Why do you want to have your root on a subvolume? For easy rollbacks? In my personal experience, changing the default subvolume or editing fstab/grub as a way to rollback is error prone, and has left me with a system that doesn't boot more than once. I prefer to use Snapper (snapper.io) to manage my snapshots. It creates snapshot subvolumes under /.snapshots, and makes rolling back single files or entire snapshots painless. Subvolumes aren't included in snapshots even if they're mounted under the subvolume you snapshot (which is why I created the subvolumes in my original post), so it doesn't matter that they're under /.

      The post was edited 3 times, last by Invictus ().

    • The tutorial on the Snapper documentation page has a basic introduction.

      The Debian package doesn't automatically create the root config, so you'll have to do that yourself:

      Source Code

      1. snapper create-config -f btrfs -t default /


      You can have snapper automatically create pre/post snapshots for you when you upgrade by running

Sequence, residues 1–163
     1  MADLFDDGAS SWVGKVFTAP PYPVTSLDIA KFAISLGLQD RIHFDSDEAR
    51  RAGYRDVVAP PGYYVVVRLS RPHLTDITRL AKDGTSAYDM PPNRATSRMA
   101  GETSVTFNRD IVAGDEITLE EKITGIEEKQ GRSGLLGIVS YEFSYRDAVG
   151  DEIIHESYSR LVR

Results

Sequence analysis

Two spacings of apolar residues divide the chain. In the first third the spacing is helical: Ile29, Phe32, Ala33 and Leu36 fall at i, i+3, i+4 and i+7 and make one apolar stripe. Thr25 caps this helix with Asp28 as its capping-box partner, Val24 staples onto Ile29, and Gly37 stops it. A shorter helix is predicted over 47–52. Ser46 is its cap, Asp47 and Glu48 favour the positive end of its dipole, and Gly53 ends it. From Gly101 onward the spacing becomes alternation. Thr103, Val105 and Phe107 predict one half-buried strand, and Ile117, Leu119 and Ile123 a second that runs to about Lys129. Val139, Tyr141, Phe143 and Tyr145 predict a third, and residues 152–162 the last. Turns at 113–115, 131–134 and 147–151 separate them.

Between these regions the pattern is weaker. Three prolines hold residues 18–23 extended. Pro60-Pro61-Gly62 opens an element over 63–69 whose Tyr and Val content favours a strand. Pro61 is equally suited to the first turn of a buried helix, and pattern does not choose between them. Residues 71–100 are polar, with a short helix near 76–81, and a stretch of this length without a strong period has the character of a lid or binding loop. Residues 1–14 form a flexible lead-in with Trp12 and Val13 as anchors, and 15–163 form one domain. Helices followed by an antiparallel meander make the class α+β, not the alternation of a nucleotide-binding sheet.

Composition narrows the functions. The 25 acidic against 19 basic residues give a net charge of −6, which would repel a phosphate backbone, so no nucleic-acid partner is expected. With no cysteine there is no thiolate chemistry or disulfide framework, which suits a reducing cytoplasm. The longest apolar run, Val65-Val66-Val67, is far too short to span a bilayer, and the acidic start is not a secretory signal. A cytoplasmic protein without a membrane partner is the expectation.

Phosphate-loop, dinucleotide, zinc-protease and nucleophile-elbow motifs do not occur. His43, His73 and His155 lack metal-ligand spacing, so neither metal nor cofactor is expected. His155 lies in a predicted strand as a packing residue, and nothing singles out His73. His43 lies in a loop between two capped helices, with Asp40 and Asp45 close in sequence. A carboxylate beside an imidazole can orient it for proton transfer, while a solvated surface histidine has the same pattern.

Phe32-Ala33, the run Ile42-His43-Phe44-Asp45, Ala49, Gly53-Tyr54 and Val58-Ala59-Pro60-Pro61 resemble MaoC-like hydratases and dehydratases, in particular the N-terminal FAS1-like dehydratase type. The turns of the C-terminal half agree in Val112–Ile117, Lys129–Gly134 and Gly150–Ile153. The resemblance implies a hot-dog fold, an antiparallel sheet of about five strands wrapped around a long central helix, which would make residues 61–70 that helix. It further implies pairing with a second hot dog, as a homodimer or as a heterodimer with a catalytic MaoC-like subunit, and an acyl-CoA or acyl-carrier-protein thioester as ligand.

Source Code

      1. snapper create --command "apt-get upgrade" --description "Upgrade"


      The tutorial doesn't show it, but the diff and undochange commands will take a filename as an optional parameter if you only want to see/undo changes on a single file.

      One of the killer features is that Snapper will take and manage hourly snapshots for you automatically. You can enable this by editing the configs in /etc/snapper/configs. I use the following config to save the last 12 hours of snapshots, a week of daily snapshots, a month of weekly snapshots, and a year of monthly snapshots for my /home subvolume:

      Source Code

      1. # subvolume to snapshot
      2. SUBVOLUME="/home"
      3. # filesystem type
      4. FSTYPE="btrfs"
      5. # users and groups allowed to work with config
      6. ALLOW_USERS=""
      7. ALLOW_GROUPS="users"
      8. # sync users and groups from ALLOW_USERS and ALLOW_GROUPS to .snapshots
      9. # directory
      10. SYNC_ACL="yes"
      11. # create hourly snapshots
      12. TIMELINE_CREATE="yes"
      13. # cleanup hourly snapshots after some time
      14. TIMELINE_CLEANUP="yes"
      15. # limits for timeline cleanup
      16. # added one to each period to ensure at least a full week/month/year is kept
      17. TIMELINE_MIN_AGE="0"
      18. TIMELINE_LIMIT_HOURLY="12"
      19. TIMELINE_LIMIT_DAILY="8"
      20. TIMELINE_LIMIT_WEEKLY="5"
      21. TIMELINE_LIMIT_MONTHLY="13"
      22. TIMELINE_LIMIT_YEARLY="0"
      Display All


      The snapper and snapper-configs man pages have everything else.